Welcome to first post in our “History of Motion Picture Equipment” series! Each post looks at the humble beginnings of an iconic piece of set equipment.
The director’s chair through the ages
Let’s imagine, for a moment, the quintessential director.
She’s wearing a wide-rim hat and sunglasses to protect against the beating midday sun; speaking into a megaphone; sitting in a director’s chair.
Being one of the most recognizable symbols of the film industry, one could easily forget that the director’s chair has had a long history.
Where did these chairs come from? How have they changed over the millennia?
To answer these questions we must go back thousands of years to ancient antiquity where we begin with the director’s chair’s X-legged ancestor.
The Cross-frame folding stool of Ancient Egypt
The chair equals power. This is a clear symbolic link between chairs, e.g. thrones, and rulers witnessed throughout human history across cultures: emperors, kings, pharaohs, even deities have always been depicted in chairs. But the folding cross leg design was first depicted on the walls of pharaonic tombs dating from before 2000 BCE. The simple design may not blow your mind, just a pin hinging two crossed wooden slats with animal skin or fabric pulled across for a seat. Yet to own an x-frame chair was a status symbol. Also, women were never depicted sitting in x-frame chairs. They would be relegated to rigid stools or chairs.
The x-frame chair of the Cretan Empire at Knossos
This alternative iteration of the classic x-frame chair pioneered by the Egyptians was, in fact, available to women and men. Depictions of elite Cretan women sitting in cross-frame seats confirm this.
The cross frame chair of the Bronze Age Nords
The remains of 20 folding chairs were found north of the Elbe River in Germany and dated to around 1400 BCE. Historians have confirmed that the stools were built by local craftsmen, i.e., not imported from the south or the east. In fact, no x-frame chair remains have been discovered in the area between northern Europe and Northern Africa. And while it may be the case that the far-traveling Nords picked up the design from the Egyptians at some point in unrecorded time, it is clear that the implementation is uniquely their own. It is also noteworthy that these chairs were discovered in “lower” class graves, i.e., religious leaders, doctors, wealthy merchants and craftsmen, not just in the graves of rulers and nobles.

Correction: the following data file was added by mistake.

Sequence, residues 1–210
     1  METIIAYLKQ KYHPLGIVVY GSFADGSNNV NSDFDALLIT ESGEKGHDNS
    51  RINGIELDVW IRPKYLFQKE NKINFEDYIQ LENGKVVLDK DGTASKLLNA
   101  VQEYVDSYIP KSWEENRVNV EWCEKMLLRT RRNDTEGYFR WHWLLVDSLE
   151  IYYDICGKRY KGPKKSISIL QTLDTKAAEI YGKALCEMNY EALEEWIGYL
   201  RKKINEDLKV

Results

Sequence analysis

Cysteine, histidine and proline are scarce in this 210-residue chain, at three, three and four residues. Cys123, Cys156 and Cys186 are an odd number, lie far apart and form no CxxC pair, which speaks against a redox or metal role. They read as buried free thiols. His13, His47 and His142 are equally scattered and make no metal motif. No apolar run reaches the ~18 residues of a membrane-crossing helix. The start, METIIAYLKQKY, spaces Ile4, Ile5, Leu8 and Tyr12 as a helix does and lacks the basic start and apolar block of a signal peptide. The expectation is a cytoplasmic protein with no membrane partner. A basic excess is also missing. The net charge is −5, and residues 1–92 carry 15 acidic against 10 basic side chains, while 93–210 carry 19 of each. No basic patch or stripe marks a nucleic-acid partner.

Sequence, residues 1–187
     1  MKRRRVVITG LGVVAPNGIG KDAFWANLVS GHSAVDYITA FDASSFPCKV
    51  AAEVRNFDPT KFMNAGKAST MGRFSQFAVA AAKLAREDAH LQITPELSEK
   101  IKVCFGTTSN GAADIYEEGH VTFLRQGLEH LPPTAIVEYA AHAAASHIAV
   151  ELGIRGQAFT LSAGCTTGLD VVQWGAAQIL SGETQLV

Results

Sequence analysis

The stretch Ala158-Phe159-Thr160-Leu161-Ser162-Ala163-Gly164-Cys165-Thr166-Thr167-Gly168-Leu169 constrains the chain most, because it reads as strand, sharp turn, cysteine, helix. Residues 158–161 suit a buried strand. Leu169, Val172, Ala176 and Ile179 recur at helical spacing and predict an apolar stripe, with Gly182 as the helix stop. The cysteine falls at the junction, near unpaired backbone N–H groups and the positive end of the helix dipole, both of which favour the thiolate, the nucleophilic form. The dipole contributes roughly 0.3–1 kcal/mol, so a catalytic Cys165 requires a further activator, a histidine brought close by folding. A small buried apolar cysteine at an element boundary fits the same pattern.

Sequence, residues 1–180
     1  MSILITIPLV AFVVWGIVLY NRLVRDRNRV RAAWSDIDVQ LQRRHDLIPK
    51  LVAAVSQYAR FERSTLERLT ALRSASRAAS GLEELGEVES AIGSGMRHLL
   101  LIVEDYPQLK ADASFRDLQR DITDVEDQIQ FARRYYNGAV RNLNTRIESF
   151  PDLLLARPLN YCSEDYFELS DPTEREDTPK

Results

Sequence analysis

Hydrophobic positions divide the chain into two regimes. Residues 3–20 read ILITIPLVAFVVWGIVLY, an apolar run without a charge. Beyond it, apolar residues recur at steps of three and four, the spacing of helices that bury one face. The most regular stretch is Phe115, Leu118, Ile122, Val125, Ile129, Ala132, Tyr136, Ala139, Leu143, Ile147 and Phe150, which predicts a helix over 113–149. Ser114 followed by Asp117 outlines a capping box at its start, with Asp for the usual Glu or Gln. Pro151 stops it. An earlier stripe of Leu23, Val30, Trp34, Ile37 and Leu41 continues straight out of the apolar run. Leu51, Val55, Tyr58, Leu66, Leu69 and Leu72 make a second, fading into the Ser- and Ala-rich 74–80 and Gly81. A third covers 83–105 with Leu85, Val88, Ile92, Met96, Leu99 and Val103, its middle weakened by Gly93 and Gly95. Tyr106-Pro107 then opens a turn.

The Curule Seat of Ancient Rome
From senators to magistrates, anyone in power in Ancient Rome sat in the ubiquitous curule seat. The word curule comes from the Latin currus, “chariot”. The earliest known example of its use was during the circus maximus of 494 BCE celebrating Rome’s victory in the war with the Sabines. In 44 BCE the senate passed an order that the most famous of all Romans, Julius Caesar, would be granted the curule seat throughout the empire, except for the theater, where he was given a gilded, jewel encrusted throne which elevated his status to that of the gods.
The “barbarian bed” of the Han Chinese Empire
As early as the second century AD we have recordings of the use of x-frame chairs in China being used by military commanders. While it is tempting to assume the ever-ingenious Chinese with inventing the chair on their own, we know from Chinese poems that the chair was referred to as hu chuang, the “barbarian bed” and imported from abroad. Historians cite Silk Road trade with Rome as the source for x-frame chairs in China.
The Throne of Dagobert of medieval Germany
Whereas the overwhelming majority of x-frame chairs are carved from wood, the 8th century AD dated Throne of Dagobert is made of bronze. The armrests were added in the 12th century. Note the leopard legs!
The Director’s Chair of the American Motion Picture Industry
The ubiquitous director’s chair of the modern-era was invented by Gold Medal Camp Furniture Company and exhibited for the first time at the 1893 World’s Fair Columbian Exhibition in Chicago.
Now plenty of other companies offer their take on this classic design. Plus One Rentals has a partnership with Telescope to rent their “World Famous Director Chair”. Why did we go with Telescope? Simple! Nearly every prop master we know recommends them!
Will you look at these chairs the same again? Do you feel the power of history now when you sit in one? OK, maybe that’s pushing it a little, but you can’t deny that the coolness factor of director’s chairs ticks up knowing how long they have been with us. Hopefully, you enjoyed this little historical tour of the director’s chair! We have more content like this incoming, so be sure to follow us on Facebook and Youtube so you know when we post!